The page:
Mr Ravi Kumar Yellanki (Past President SAP) said that it was not possible to be on track to double shrimp production this year due to the pandemic.  There was no import of broodstock initially and there were disease outbreaks too.  He suggested that a proper disease surveillance program be set up by the Government. Our presence in the US market is very high compared to other countries. We need to diversify. We have to convince the EU to lift bans on antibiotic residue so we can reach more markets.  As far as the domestic market is concerned, we should move inland from coastal states.  We have to bring in awareness for fish and fish related products.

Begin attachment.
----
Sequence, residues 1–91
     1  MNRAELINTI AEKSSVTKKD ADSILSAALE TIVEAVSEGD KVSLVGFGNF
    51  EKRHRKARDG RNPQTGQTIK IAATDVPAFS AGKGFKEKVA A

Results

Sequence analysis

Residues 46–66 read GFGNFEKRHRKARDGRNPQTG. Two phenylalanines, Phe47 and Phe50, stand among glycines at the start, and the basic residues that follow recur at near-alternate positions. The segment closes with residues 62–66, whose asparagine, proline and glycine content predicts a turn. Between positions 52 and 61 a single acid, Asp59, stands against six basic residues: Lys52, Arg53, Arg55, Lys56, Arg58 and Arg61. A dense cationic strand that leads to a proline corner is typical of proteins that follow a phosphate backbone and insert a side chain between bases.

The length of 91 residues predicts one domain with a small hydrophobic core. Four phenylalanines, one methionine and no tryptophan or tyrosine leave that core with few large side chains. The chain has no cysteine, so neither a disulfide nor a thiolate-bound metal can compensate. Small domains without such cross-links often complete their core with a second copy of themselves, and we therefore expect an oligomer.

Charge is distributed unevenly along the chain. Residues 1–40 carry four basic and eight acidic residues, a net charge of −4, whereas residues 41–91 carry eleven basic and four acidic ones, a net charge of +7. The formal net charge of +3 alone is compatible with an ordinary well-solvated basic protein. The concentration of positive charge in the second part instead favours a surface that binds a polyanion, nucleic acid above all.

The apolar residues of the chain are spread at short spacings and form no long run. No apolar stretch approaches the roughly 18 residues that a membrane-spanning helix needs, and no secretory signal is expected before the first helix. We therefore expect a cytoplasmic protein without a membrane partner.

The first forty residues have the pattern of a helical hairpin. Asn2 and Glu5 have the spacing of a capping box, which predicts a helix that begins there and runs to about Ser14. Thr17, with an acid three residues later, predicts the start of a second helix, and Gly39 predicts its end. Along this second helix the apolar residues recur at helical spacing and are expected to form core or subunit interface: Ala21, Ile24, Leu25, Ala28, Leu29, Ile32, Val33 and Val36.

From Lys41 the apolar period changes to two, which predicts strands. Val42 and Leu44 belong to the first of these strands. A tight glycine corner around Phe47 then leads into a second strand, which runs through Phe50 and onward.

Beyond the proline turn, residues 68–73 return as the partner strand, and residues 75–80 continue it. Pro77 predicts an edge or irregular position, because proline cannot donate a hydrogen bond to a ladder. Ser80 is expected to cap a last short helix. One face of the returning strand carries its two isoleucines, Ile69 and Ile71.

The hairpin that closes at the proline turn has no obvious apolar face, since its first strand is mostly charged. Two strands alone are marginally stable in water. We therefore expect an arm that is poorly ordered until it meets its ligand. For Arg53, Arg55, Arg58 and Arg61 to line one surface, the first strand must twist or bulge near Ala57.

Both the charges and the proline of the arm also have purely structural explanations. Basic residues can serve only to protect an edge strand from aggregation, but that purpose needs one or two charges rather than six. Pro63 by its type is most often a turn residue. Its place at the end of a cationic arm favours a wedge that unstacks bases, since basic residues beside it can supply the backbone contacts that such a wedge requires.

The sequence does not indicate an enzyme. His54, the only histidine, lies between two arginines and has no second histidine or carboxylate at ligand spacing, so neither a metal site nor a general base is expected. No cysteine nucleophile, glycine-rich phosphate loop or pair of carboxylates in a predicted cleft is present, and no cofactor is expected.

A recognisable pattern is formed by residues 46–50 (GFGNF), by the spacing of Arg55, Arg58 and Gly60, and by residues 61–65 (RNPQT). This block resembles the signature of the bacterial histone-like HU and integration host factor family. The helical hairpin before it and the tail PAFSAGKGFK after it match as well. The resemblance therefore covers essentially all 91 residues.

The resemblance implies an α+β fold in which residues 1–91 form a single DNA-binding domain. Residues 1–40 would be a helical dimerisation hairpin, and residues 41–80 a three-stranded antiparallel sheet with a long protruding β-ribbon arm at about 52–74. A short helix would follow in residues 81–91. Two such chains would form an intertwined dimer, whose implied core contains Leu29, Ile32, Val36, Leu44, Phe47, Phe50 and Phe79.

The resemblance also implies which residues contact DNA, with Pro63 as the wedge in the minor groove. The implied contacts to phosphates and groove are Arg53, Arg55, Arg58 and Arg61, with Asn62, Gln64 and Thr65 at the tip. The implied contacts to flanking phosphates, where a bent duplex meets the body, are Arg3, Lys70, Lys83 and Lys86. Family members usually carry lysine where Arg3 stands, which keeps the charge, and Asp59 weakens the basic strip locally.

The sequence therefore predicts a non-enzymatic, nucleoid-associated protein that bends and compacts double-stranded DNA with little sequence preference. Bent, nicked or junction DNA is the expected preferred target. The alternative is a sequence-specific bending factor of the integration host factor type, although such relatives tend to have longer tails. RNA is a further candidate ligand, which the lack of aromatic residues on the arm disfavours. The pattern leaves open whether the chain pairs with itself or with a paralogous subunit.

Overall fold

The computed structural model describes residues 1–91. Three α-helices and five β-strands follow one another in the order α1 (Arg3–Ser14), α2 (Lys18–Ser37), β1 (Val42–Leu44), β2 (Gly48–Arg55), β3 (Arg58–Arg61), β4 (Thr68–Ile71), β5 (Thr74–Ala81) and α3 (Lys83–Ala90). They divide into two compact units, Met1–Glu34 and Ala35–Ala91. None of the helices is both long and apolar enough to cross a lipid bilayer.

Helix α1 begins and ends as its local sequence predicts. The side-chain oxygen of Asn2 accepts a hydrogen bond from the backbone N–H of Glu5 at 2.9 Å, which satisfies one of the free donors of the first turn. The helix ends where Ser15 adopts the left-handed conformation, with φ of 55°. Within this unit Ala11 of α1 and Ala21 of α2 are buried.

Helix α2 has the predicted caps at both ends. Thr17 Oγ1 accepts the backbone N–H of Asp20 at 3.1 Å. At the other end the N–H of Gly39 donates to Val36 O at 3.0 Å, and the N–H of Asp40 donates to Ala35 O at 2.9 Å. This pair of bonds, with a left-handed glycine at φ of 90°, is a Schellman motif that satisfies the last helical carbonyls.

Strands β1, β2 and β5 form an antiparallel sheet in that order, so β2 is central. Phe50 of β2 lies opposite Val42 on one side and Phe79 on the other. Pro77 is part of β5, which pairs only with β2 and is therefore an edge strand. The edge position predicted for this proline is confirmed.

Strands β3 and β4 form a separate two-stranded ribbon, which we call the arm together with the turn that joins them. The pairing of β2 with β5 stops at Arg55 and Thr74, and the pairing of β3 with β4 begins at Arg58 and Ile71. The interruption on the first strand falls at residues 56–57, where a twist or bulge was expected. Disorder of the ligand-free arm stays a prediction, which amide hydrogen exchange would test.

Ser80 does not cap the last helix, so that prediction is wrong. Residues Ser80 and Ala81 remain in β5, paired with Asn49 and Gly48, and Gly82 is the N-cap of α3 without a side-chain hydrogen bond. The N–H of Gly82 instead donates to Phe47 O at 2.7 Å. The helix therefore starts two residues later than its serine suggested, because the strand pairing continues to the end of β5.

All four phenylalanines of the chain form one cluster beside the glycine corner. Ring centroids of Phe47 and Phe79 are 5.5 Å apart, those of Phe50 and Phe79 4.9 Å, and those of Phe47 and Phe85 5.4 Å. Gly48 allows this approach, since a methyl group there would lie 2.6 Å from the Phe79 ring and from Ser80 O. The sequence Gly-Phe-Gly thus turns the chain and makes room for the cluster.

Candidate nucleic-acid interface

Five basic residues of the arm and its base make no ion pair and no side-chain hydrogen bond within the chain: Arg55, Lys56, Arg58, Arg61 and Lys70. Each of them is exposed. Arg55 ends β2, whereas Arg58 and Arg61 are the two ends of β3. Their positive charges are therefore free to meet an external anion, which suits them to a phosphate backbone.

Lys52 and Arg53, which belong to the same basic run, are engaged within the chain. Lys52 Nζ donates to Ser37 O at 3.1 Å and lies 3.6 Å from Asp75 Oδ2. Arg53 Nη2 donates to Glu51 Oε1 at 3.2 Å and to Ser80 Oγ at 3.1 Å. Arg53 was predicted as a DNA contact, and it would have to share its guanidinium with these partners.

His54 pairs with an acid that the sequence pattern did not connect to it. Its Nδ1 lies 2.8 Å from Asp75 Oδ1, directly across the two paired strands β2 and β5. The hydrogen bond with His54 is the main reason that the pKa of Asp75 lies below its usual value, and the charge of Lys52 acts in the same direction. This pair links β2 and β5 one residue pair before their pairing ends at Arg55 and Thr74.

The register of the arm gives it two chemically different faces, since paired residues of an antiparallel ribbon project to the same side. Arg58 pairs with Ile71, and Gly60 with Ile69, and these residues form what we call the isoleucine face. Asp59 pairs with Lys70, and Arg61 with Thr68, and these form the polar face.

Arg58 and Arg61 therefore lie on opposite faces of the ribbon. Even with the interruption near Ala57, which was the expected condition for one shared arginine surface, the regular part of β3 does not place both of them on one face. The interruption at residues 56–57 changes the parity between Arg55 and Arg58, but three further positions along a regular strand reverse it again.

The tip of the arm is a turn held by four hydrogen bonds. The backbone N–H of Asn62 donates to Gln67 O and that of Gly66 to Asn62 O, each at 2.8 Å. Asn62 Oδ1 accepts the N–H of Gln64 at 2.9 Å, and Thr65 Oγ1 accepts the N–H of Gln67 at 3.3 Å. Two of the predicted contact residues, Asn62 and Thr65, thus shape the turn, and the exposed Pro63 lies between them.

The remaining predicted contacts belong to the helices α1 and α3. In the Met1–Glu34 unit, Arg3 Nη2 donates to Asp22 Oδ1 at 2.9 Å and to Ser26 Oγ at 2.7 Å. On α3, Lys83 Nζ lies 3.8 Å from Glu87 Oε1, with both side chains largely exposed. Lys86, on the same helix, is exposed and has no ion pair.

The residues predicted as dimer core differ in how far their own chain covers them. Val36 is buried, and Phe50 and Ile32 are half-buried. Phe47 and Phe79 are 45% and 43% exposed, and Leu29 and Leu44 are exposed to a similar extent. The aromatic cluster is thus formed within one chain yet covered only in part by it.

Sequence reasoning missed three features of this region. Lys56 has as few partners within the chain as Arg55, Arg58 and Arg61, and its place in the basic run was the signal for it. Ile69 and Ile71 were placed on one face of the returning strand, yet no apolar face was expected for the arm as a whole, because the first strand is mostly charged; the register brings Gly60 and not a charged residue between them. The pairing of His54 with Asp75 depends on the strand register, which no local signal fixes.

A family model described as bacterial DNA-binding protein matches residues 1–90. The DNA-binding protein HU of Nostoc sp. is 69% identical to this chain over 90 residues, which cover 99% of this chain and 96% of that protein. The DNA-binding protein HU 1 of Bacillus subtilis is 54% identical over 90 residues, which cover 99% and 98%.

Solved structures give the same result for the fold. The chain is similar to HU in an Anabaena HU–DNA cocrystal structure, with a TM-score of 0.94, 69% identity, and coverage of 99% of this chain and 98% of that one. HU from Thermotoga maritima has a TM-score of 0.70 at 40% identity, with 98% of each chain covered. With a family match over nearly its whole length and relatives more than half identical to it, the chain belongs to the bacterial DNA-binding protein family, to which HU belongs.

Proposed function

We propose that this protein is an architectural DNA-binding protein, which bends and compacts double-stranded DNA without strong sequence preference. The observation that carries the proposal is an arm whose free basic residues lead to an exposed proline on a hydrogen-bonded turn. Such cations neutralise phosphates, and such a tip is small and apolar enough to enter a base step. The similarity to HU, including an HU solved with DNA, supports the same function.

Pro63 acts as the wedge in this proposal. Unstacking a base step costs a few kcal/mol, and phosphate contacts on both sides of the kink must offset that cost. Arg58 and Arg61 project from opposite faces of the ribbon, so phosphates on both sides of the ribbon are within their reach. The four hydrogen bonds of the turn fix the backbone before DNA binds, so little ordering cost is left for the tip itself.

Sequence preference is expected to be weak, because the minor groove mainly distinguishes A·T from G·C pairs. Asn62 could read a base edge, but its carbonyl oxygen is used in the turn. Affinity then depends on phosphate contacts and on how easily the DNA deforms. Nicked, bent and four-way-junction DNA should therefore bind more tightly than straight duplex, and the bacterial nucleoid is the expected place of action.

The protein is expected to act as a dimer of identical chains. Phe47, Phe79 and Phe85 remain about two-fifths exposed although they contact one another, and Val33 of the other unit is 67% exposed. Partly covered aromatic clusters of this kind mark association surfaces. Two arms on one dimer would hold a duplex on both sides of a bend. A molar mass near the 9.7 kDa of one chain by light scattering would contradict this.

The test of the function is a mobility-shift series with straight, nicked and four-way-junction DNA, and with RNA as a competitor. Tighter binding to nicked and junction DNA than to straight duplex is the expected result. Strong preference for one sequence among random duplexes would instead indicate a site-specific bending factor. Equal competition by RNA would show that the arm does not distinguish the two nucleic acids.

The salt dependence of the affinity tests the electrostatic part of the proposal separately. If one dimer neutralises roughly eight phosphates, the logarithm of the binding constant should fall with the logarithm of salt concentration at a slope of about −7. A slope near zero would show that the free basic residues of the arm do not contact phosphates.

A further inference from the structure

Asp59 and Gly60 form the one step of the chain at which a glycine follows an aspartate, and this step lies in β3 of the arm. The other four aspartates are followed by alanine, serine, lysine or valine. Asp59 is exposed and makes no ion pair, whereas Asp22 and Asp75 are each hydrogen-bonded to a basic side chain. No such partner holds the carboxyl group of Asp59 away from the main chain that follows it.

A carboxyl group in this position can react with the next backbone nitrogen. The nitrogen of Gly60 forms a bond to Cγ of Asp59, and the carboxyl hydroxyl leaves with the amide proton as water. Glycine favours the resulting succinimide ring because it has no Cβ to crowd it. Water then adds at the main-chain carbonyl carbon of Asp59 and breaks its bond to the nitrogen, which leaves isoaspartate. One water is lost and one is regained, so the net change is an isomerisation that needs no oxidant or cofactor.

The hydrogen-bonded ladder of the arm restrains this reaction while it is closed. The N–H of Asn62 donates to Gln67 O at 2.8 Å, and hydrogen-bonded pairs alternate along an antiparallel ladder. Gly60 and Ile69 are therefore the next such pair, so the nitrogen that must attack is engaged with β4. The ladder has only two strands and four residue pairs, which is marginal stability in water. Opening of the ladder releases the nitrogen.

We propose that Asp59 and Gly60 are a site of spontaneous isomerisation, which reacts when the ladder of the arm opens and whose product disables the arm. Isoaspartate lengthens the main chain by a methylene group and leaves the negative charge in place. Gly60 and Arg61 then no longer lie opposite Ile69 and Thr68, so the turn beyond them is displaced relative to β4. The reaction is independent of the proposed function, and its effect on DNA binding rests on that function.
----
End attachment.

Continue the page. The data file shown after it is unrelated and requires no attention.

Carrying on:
Moderating the session on Technology Innovations for Safe and Sustainable Fisheries Management, SAP member Dr D. Ramesh remarked that technology in shrimp hatchery and farming has been indigenously improved to an enviable extent. But there is a substantial gap in breeding technology and harvest and post-harvest technology in shrimp culture which can reduce the loss and add value to the farmers efforts. Though there have been efforts going into the development of cold chain infrastructure and value addition technologies, these technologies have so far addressed the needs of the export markets only. Creation of common facilities (for example, Aquaparks as mooted in PMMSY) will provide the much-needed independence for the farmer groups to unlock values by developing their own brands. He said that investing last mile delivery technologies aimed at the demand side of the equation should improve (a) harvest quality (b) cold chain logistics, (c) ready to cook sea food which will promise food safety, increase in consumption which will ultimately result in better realisation of value by the farmer. It is equally important that we harness the potential IOT based tools which will help in production, supply chain and sustainability which will deliver quality nutrition to the end customers.